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GParted: Manage Your Partitions

by loudog

Recently I was faced with a dilemma. You may empathise with me, possibly having faced similar circumstances at one time or another. I was happily computing along, browsing Synaptic for magazine article ideas when I came across a particularly interesting looking program that I had not noticed before.

Hmmmm, this must be new because I doubt my subconscious would have allowed me to skim past it without triggering a red flag. I quickly clicked on it to read the description. Yep, I had found my next article. Cool. As I selected it for installation my subconscious now signaled me with the red flag.

Okie dokie, what am I missing here. I scrutinized the package more closely and soon realized it would require a substantial amount of the remaining free space on my root partition. I had already run bleachbit which netted me only 11.5MB of space, deleted a number of unneeded packages and old kernels, gaining another 300MB or so, but I had already used up most of that. It was time to face the facts. My root partition was busting at the seams and in dire need of expansion.

A sinking feeling went through me. If I load the package, then I may not have enough room for some future updates, let alone more programs down the road. Let's see, what options do I have other than make a backup, reinstall, reconfigure the desktop and preferences to my tastes, load and configure all my extra programs etc, etc.

Ewwww. Not what I wanted to do. Hopefully, next time I'll remember OP's advice and add some extra room to the default size of the root partition when installing the OS. I guess I'm paying for that lapse in judgement now. Well, Boogers.

Hey! That reminds me. There was this prank I have been planning to pull on my wife (did I mention I'm a stinker?) I sat and thought about the steps involved and slowly choreographed the prank in my minds eye. Yep that should be a good one. Hmmm, this is not the appropriate place for practical jokes but I believe the forum sandbox should be okay. Ill post it there just for fun. And voila! There you have it.

While my conscious mind was distracted, contemplating my dastardly deed, my subconscious came up with the solution to my problem. Works every time. I can use GParted to move my partitions around and resize them at the same time. Hoop! There it is!

For the sake of my screenshot program (Shutter) and to properly illustrate the article, I will be using a hard drive in an external swap dock that has been mocked up to look like my original install. This way, I can load GParted's GUI from the repository and use it on the desktop.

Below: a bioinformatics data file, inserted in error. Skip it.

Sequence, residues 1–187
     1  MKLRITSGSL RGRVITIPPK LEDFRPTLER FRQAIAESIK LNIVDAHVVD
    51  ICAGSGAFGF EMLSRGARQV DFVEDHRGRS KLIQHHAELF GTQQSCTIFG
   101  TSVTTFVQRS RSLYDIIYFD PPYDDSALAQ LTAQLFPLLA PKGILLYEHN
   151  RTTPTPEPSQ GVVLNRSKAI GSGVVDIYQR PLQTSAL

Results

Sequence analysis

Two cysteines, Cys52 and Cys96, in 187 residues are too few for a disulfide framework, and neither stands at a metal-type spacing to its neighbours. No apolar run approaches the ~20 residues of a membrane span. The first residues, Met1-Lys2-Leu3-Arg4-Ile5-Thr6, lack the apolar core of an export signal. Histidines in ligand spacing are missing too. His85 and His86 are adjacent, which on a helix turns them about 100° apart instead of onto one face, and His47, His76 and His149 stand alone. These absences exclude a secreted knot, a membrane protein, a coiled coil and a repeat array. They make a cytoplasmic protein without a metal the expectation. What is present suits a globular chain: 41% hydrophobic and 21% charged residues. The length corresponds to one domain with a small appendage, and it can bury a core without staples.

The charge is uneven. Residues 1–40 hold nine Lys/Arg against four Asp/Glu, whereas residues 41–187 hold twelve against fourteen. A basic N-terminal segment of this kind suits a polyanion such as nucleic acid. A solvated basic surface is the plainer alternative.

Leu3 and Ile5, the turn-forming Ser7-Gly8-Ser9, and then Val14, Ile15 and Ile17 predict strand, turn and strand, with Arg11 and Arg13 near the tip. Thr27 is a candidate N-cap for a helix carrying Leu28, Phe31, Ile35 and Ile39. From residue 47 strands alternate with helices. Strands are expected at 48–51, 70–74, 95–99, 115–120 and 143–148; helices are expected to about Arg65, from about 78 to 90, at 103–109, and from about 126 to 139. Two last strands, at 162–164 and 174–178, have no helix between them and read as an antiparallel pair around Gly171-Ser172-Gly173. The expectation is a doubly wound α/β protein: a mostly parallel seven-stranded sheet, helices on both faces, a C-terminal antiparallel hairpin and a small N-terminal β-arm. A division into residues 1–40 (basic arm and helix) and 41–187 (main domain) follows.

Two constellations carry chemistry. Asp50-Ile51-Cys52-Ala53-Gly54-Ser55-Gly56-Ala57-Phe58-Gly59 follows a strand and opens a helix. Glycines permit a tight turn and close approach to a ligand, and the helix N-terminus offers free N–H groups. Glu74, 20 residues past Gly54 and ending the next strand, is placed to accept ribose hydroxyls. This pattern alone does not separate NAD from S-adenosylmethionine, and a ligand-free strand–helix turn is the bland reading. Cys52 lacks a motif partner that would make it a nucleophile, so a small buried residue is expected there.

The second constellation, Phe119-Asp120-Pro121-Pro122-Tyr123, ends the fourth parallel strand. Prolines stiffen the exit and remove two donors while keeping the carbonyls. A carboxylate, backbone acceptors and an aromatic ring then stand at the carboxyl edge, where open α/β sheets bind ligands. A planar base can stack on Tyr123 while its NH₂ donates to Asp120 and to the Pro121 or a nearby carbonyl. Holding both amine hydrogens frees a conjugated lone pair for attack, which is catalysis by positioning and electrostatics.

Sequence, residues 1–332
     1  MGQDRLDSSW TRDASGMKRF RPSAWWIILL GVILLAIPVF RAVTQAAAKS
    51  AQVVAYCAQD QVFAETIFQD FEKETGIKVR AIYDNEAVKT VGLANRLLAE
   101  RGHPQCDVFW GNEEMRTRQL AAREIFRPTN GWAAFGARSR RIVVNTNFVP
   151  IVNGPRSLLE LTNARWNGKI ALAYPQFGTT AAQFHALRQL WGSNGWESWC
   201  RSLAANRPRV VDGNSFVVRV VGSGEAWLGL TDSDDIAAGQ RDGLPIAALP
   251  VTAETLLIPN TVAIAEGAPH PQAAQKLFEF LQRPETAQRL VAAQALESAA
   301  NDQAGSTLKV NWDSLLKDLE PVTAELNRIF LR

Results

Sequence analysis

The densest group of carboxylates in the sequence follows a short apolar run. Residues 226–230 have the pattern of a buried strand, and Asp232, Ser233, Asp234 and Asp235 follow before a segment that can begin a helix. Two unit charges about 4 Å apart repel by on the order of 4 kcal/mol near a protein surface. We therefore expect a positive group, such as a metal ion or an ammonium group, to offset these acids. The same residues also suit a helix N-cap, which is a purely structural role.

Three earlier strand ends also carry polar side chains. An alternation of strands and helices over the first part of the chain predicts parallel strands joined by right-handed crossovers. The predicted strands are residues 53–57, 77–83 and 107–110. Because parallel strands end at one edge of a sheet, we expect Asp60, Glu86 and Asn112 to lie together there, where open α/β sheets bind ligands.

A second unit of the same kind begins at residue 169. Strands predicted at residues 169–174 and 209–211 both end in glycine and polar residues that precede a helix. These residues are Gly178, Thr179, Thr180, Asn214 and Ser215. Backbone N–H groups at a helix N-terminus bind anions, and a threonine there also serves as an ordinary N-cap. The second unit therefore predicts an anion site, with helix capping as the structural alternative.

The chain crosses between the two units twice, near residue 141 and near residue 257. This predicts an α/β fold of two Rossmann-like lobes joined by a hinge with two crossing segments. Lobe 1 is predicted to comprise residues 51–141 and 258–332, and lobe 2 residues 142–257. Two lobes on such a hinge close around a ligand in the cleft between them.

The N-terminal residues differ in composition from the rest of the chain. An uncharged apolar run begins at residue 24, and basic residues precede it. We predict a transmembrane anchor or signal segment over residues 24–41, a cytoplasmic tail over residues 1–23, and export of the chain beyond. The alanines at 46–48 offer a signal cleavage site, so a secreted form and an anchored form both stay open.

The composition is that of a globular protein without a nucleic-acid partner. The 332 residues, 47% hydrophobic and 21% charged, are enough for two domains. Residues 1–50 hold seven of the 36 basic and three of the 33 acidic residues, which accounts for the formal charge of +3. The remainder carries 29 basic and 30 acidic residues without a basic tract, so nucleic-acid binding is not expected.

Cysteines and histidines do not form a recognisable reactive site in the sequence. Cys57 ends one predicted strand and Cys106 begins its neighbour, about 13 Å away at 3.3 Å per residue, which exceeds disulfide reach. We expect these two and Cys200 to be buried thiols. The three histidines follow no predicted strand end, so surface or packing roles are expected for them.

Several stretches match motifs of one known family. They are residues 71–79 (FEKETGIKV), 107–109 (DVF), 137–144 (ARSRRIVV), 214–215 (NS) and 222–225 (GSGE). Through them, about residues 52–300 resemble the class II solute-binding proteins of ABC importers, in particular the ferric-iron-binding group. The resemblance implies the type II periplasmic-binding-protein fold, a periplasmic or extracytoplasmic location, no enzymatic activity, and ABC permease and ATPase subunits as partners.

Originally I used a Live CD to make these alterations, but the steps are basically the same. Backing up your data is the single most important step to take before starting this process. You have been officially warned.

When starting GParted on the desktop, you will be asked for your root credentials. The Live CD version will not. Looking at the GUI, we see the program first scanning all disks and their partitions. From the dropdown menu at the top right, I will select the mock drive.

Looking at the information provided, I noticed that GParted says there is 630.10 MiB free on the root partition. For those of you who don't know MiB (mebibyte) is different than MB (megabyte) and can be a little confusing if different programs report sizes in differing standards. This gives you a little homework research if you are so inclined: I was. I can see dolphin reports size in MiB also. Oops getting off topic, sorry.

Now, where were we? Oh yes, hey! Now wait just a cotton-pickin minute here, Dolphin just reported that I only had 157 MiB free. I guess I'll take GParted's word for it, as it is a partition editing program, whereas Dolphin is a file manager. I'm, though, a little confused as to the reason for the size discrepancy, and a rather large discrepancy at that. Hmmm, I wonder what Filelight would report?

Anyway, moving on. Even though it appears I may have half a GiB more room than I first thought, I believe resizing the root partition is still in my best interests in the long term. I also think I will expand my swap partition while I'm at it, which should be easy enough. The first thing I want to do is decide how much extra space I will need to swipe from my home partition.

After deciding on 14 GiB for root and 5 GiB for swap, I came up with 6GiB needed. First thing to do is move/shrink the last partition on the drive, "/home" in this example. Right clicking the last partition, I unmount it first. Now that the partition is unmounted, the resize/move option is no longer greyed out. Selecting the resize/move option, we want to look closely at the configuration window that is presented.

Notice my mouse cursor grabbing the left side of the partition. Thats because we want to create the free space before /home so we can keep shifting it back to the swap and root partitions. You can also see I have created a little more than 5.5 GiB of free space (free space preceding). Looking at the minimum size the partition can be shrunk to, we determine that we have roughly 14 GiB of data on the partition already. The minimum size requirement is equal to the existing data on the partition. Since the advent of super size drives and ssds, I always align my partitions to MiB, rather than to cylinder. If your drive was originally aligned to cylinders, I would use that setting. Next, clicking the resize/move tab triggers a warning.

Failure to boot is most likely to occur. Quite the ominous little snippet there. Reading on, we determine that since this is not the root partition that contains /boot, I can ignore this. If you have a large home partition, this will take quite a bit of time as is stated in the warning. After clicking ok, you will see something new appear at the bottom of the main window, the operation scheduler. This gives you an overview of what exactly it is you have instructed GParted to do.